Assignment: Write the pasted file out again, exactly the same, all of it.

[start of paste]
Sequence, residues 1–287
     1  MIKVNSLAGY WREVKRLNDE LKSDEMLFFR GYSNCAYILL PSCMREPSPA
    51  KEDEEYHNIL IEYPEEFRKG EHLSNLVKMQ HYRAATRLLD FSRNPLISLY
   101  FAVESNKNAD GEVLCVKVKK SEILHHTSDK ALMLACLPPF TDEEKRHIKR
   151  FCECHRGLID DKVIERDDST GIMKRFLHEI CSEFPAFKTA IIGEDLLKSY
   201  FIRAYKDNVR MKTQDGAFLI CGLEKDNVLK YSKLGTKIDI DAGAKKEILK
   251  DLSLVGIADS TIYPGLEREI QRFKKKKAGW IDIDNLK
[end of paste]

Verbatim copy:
Sequence, residues 1–287
     1  MIKVNSLAGY WREVKRLNDE LKSDEMLFFR GYSNCAYILL PSCMREPSPA
    51  KEDEEYHNIL IEYPEEFRKG EHLSNLVKMQ HYRAATRLLD FSRNPLISLY
   101  FAVESNKNAD GEVLCVKVKK SEILHHTSDK ALMLACLPPF TDEEKRHIKR
   151  FCECHRGLID DKVIERDDST GIMKRFLHEI CSEFPAFKTA IIGEDLLKSY
   201  FIRAYKDNVR MKTQDGAFLI CGLEKDNVLK YSKLGTKIDI DAGAKKEILK
   251  DLSLVGIADS TIYPGLEREI QRFKKKKAGW IDIDNLK